And sadly, I felt the same way about ‘Deep South’. Was that because Theroux went over the same territory, just with seasonal variation, as he made the trip from his New England home towards the Gulf in Autumn (sorry Fall), Winter Spring and Summer? Was it because he self-drove those byways instead of using the conveyance we most associate with him – the railroad? With ‘The Great Railway Bazaar’, ‘Riding the Iron Rooster’, ‘The Old Patagonian Express’ and other such titles he made his name as a travel writer par excellence. As an aside, whilst I was reading this, I encountered a well-journeyed shop keeper in Richmond village who was inspired to go places she would never have countenanced before she came across this author’s writings, even taking the same trains. And perhaps there is one final question – is age catching up with the famed describer of exotic locales?
But the book did thoroughly explain to me, in no uncertain terms, as to why the Trumpster was able to capture the disaffection of the American heartland thus taking him to the Presidency. Over and over again Theroux railed about the destruction of American industry due to globalisation. It’s pulverised the economy of much of the South and ergo the lives of huge swathes of its populace; what with the transition of their jobs to south of the border down Mexico way, as well as to China and India. Most of the towns he visited were just shells of their former glory, their inhabitants existing well below the poverty line – black and white. There are still immense racial divisions and antagonisms, as well as a fissure between urban and rural of both races. He also points to the deep distrust held by many to anything associated with the Clinton family.
Theroux meets many of the poor and down-trodden. The stories they told were uniformly heart-breaking, but by the end there were just so many of them it seemed to defeat the purpose. He also heard the tales of those doing their best to assist these defeated souls – including some from outside the region who were often viewed with suspicion as do-gooding interlopers. In his travels he bumps into the former wife of the great BB King – and does she have an interesting word or two to say about her ex. He encounters numerous men by the name of Patel, all from the state of Gujarat in India. A Patel ran every single motel he stayed in – could these be the same industrious people who seem to be behind the counter of seemingly all United servos here?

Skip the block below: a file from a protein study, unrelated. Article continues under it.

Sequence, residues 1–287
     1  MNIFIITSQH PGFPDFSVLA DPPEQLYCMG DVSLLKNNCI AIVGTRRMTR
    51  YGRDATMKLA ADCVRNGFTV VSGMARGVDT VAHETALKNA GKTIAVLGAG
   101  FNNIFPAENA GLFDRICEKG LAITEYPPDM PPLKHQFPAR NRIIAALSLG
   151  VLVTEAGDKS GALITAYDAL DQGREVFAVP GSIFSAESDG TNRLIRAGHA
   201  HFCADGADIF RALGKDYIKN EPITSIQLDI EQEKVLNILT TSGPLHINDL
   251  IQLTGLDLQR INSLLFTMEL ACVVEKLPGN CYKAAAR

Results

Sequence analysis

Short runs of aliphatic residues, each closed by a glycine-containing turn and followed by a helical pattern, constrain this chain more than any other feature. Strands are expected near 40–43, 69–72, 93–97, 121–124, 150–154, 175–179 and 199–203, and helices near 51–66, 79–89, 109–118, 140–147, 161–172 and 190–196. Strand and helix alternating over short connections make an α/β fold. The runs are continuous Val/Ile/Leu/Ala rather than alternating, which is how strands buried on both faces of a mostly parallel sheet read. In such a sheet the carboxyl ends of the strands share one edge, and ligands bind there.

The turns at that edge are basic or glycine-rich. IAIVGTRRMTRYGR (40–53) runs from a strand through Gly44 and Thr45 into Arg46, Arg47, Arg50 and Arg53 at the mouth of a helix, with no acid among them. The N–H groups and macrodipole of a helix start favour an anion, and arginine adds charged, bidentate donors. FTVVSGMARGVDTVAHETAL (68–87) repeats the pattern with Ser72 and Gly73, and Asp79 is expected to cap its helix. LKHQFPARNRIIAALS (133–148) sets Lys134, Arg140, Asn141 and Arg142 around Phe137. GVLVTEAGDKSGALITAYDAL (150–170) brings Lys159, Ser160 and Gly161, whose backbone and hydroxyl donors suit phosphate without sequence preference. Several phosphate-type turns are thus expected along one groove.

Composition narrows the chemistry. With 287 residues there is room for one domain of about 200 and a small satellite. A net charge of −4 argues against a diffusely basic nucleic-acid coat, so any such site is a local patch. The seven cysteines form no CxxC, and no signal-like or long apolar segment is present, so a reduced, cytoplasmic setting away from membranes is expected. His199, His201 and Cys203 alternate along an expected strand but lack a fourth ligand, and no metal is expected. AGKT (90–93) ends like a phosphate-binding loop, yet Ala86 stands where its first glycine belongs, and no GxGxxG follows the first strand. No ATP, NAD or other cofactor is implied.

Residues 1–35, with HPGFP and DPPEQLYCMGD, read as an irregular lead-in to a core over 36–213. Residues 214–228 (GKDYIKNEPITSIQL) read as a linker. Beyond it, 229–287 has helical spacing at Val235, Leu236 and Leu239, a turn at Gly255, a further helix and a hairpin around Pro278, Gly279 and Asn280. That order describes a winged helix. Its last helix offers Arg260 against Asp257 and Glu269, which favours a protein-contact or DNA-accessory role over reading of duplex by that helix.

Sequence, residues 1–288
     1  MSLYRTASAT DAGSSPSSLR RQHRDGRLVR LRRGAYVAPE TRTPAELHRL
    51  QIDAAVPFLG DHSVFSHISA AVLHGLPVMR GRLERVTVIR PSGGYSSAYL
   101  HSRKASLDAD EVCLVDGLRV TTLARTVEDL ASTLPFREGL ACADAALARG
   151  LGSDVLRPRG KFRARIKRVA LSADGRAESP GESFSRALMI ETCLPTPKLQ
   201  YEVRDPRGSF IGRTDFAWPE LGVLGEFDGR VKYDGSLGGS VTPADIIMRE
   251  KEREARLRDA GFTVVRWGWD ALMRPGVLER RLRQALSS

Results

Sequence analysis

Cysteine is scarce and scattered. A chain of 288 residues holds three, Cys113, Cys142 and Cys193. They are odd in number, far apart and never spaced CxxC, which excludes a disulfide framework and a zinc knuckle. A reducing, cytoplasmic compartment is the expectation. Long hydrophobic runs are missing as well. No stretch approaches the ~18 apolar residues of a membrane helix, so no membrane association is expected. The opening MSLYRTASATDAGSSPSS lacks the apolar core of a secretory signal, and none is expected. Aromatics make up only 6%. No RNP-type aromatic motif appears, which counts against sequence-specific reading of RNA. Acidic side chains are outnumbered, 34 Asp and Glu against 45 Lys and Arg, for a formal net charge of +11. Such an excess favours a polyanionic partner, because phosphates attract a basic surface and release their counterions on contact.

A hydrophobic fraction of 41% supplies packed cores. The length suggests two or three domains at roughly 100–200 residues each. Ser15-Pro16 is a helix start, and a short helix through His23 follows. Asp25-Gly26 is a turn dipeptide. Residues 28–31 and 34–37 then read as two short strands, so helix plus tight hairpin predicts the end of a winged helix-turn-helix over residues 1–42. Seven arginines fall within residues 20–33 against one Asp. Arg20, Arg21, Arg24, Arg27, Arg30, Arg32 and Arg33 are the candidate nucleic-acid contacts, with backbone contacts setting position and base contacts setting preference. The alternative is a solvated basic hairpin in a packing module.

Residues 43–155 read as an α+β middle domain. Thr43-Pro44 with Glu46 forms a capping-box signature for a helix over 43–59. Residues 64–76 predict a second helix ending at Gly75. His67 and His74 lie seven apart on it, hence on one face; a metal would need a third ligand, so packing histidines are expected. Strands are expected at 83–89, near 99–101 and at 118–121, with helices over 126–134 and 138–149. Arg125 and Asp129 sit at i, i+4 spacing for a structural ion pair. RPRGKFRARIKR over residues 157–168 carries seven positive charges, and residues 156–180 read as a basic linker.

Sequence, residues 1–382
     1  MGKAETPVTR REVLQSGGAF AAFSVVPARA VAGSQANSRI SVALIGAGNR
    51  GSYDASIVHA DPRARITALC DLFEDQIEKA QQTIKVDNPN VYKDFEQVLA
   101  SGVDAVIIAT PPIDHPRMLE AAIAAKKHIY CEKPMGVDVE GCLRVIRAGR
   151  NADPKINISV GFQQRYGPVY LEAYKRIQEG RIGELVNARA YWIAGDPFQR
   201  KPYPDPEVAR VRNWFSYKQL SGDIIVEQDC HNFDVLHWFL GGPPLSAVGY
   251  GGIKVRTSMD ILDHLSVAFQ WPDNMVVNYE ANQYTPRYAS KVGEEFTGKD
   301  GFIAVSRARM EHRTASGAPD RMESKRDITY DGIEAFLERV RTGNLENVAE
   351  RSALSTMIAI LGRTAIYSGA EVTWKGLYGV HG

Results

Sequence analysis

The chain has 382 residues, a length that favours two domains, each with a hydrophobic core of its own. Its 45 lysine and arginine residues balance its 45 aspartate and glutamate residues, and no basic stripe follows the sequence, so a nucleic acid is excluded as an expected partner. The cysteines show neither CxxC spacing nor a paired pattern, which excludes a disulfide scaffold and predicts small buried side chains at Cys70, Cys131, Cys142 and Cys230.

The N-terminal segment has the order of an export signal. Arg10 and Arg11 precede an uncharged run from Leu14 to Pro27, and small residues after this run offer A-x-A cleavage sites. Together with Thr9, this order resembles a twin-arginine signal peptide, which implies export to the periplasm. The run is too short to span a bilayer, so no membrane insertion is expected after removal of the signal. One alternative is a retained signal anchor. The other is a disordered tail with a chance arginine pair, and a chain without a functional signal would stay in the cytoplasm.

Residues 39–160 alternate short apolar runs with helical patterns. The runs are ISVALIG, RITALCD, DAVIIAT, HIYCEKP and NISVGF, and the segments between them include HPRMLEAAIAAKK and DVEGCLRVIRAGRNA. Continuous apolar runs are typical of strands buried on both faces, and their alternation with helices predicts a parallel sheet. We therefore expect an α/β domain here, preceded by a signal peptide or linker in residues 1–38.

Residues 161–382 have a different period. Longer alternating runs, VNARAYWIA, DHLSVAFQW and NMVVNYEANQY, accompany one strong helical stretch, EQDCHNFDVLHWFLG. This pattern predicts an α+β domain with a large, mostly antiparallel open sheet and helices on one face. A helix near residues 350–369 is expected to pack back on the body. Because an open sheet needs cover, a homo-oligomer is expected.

But, overall, the wordsmith’s impression of the people of the South, with some notable exceptions, was that they abounded in ‘…kindness, generosity; a welcome I had found often in my travelling life in the wider world, but I found so much more of it here that I kept going…’ The fact that he did so, on and on and on, is perhaps not such a plus for the reader.
‘Deep South’ is illuminated by the images of the great Steve McCurry, but more illumination would have been gained by an inclusion of a map of his travels for those of us not so familiar with the geography of these former Confederate states. As Theroux points out, with the US pumping so much foreign aid into the third world, some would find it at odds with such poverty on the home front down south. Maybe Trump will pay more attention to those who, through no fault of their own, are doing it tough from the Georgia shore to the Ozarks.
Not since Kennedy has there been a President as charismatic as Obama, but the hope that came with him had well and truly dissipated in the south by the time these two books were written. Middle America has now gifted the planet the ultimate wild-card. Can he conjure much needed change for those who demonstrated how weary of the political elite the voters in these regions were? Time will tell.
Paul Theroux Website = https://www.paultheroux.com/